Trust the stats and root for the Nets

for The Brooklyn Paper
Share on TwitterTweet
Share on Facebook

Get our stories in your inbox, free.

Like The Brooklyn Paper on Facebook.

Before the NBA season tipped off, Councilman Jumaane Williams (D–Flatbush) voiced the concerns of his constituents in a single Tweet.

“Gotta make a decision by Thurs, #Knicks or #Nets. I’ve been a #Knick fan for life, but I’m so #Brooklyn. Ohhh … the horror of it all!”

Hurricane Sandy ended up delaying the much-hyped battle of the boroughs — and with it the biggest decision in basketball since “The Decision.”

In the weeks since, the Manhattan Knicks began the season 6–0 before losing to the formidable Memphis Grizzlies, while the Brooklyn Nets put together a respectable 6–2 record.

With the Knicks and Nets finally squaring off Monday, blue-and-orange bleeding Brooklynites must make their choice: support the borough’s new home team, or once again hand over their hopes and dreams to an organization hell-bent on crushing them.

Hoops fans must make that call themselves — but here are a few words of wisdom: don’t let the Knicks’ early success carry too much weight.

It’s not like the Knickerbockers haven’t put together a few wins before. Last year, Jeremy Lin strapped the team on his back for seven Ws in a row. The Knicks lost nine of their next 12, Coach Mike D’Antoni promptly resigned, and the franchise’s most popular player was shipped off to Houston.

Knicks fans may think Raymond Felton fills the back court hole left by Lin, but he’s no Deron Williams. Felton told the New York Times he considers himself “better than any point guard,” yet his career averages pale in comparison to the Nets’ star. Remember, this is the same guy who showed up overweight to the Portland Trail Blazers last year before blaming his struggles on his coach.

A quick way to tell if a team might be bluffing is to look at shooting percentages. Knicks shooting guard J.R. Smith drained 14 of 19 three-pointers — more than double his career average — during the team’s winning streak.

In his billion-year career, Jason Kidd has never come close to sustaining his recent accuracy over the course of a season. In time, the shots will go cold, the old bodies will tire, and everyone will start standing around to watch Carmelo Anthony do his thing. Again.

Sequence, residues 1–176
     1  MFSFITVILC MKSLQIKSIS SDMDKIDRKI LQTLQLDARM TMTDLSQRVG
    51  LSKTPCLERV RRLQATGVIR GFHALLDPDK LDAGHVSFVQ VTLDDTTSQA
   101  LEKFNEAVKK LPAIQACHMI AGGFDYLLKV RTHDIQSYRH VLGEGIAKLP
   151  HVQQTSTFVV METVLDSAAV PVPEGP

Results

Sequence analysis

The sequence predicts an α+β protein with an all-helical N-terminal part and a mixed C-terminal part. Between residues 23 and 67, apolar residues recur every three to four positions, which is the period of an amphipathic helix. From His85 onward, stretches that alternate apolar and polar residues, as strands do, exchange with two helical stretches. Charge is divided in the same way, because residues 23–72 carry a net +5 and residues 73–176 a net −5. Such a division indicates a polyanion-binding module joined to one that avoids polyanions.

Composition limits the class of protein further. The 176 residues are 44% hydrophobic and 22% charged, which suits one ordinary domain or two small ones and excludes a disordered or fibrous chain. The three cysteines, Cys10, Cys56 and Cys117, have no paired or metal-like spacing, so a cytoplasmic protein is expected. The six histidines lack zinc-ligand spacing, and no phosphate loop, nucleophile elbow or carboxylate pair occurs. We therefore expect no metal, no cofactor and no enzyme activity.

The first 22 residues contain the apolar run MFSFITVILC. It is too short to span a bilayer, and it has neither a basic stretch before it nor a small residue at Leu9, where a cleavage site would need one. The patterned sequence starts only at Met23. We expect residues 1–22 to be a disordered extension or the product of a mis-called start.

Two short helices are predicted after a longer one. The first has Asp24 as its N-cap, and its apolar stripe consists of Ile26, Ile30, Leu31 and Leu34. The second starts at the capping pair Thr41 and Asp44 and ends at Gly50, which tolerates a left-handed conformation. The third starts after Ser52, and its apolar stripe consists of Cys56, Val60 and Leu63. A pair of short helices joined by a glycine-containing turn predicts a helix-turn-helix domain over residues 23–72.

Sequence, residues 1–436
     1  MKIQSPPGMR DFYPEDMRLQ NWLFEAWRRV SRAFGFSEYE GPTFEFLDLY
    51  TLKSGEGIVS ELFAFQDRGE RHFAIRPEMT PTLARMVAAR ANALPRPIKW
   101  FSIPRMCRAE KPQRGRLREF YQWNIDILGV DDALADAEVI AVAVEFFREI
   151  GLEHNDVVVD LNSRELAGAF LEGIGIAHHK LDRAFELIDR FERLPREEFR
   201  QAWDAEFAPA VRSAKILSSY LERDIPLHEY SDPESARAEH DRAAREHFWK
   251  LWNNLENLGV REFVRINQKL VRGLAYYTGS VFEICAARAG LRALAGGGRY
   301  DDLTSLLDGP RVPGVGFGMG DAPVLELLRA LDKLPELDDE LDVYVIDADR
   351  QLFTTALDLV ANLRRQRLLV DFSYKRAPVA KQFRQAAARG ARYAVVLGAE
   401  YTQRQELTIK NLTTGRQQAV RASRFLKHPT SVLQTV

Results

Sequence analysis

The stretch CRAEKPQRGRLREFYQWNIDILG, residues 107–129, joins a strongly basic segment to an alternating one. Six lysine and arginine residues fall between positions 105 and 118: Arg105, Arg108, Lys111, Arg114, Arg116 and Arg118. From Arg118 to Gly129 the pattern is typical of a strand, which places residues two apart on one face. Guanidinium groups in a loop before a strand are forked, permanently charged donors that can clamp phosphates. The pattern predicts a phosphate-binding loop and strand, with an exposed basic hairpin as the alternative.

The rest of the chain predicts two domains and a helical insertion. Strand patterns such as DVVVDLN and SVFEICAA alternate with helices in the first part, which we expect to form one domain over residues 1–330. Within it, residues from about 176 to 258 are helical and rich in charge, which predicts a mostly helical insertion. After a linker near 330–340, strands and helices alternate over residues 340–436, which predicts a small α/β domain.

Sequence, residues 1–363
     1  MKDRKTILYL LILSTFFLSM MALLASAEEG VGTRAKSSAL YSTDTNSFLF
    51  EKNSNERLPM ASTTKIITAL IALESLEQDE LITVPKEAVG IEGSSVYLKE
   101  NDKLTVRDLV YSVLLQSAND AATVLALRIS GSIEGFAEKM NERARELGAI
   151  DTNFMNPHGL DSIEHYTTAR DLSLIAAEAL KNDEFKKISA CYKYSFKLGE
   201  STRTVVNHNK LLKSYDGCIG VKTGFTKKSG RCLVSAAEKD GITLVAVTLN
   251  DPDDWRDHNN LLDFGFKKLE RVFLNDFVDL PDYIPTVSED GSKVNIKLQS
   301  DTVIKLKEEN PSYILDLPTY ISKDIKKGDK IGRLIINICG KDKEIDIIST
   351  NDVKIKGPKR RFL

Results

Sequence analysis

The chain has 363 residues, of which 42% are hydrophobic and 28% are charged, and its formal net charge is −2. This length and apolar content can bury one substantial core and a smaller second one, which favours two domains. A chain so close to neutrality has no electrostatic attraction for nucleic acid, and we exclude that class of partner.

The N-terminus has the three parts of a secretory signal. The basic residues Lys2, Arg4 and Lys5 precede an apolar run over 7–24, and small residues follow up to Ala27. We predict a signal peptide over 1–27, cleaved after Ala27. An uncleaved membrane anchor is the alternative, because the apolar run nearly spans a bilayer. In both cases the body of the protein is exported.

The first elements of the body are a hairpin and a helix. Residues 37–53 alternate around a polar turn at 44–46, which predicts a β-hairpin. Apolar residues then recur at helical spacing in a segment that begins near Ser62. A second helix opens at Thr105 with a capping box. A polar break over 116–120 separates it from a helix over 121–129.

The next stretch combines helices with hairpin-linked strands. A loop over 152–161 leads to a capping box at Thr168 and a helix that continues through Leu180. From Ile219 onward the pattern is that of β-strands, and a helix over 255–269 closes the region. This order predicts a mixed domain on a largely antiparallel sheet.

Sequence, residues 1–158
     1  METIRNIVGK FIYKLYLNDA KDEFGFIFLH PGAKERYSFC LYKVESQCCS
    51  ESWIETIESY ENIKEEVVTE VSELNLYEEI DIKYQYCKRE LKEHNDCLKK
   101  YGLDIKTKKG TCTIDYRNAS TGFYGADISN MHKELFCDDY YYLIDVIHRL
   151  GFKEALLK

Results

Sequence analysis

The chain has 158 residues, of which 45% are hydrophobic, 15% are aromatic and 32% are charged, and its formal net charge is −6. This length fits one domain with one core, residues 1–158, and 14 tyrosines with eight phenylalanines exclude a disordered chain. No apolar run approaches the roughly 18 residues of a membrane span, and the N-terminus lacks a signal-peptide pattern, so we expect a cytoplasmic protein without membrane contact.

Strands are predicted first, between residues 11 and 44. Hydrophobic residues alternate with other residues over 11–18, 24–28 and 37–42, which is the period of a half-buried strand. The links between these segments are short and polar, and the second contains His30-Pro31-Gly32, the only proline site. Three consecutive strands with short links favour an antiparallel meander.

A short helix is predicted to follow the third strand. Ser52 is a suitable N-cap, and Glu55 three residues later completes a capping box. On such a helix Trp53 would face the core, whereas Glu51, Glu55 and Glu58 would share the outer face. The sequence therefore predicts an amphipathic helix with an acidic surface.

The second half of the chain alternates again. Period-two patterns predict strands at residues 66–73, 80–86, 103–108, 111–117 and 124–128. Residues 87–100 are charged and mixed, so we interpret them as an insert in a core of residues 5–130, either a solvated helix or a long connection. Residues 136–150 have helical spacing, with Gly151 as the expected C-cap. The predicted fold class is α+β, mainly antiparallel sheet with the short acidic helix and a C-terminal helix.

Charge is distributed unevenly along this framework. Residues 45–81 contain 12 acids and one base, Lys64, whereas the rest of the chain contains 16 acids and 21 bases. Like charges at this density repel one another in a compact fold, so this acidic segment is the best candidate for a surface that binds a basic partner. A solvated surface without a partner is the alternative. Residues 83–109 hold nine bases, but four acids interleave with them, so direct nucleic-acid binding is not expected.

Here in Brooklyn, All-Star shooting guard Joe Johnson has yet to consistently make shots and high-flying Gerald Wallace has been hurt. And the Nets still managed to come out the gate 6–2.

Once they put it all together, Brooklynites who got on board early can sit back and roll their eyes at the inevitable drama across the river.

Matt Spolar is a nearly 6-foot-1 journalist with a middling high school basketball career who is sure the Nets win thanks to team’s top-tier guards.

Today’s news:
Share on TwitterTweet
Share on Facebook

Get our stories in your inbox, free.

Like The Brooklyn Paper on Facebook.

Reader Feedback

Tal Barzilai from Pleasantville, NY says:
Unfortunately, he is one of the few to make the switch from the Knicks to the Nets. Most fans will never convert no matter how many losing seasons the Knicks had. Seriously, does anyone really think that fans just convert? Most Brooklynites have been fans of the Knicks for generations, so I doubt any would just choose the Nets just because they move there. Even Spike Lee remains loyal to his team despite how much he said he appreciates the move. Of course some fanatical sites like Nets Daily will always believe that fans are never loyal and are just part of a bandwagon taking the side of whoever is doing better. If you asked me, those aren't real fans at all. I am glad that I am not a bandwagoner, because I would always be rooting for the Yankees rather than the Mets, because they are always playing better.
Nov. 21, 2012, 2:46 pm

Enter your comment below

By submitting this comment, you agree to the following terms:

You agree that you, and not or its affiliates, are fully responsible for the content that you post. You agree not to post any abusive, obscene, vulgar, slanderous, hateful, threatening or sexually-oriented material or any material that may violate applicable law; doing so may lead to the removal of your post and to your being permanently banned from posting to the site. You grant to the royalty-free, irrevocable, perpetual and fully sublicensable license to use, reproduce, modify, adapt, publish, translate, create derivative works from, distribute, perform and display such content in whole or in part world-wide and to incorporate it in other works in any form, media or technology now known or later developed.

First name
Last name
Your neighborhood
Email address
Daytime phone

Your letter must be signed and include all of the information requested above. (Only your name and neighborhood are published with the letter.) Letters should be as brief as possible; while they may discuss any topic of interest to our readers, priority will be given to letters that relate to stories covered by The Brooklyn Paper.

Letters will be edited at the sole discretion of the editor, may be published in whole or part in any media, and upon publication become the property of The Brooklyn Paper. The earlier in the week you send your letter, the better.

This week’s featured advertisers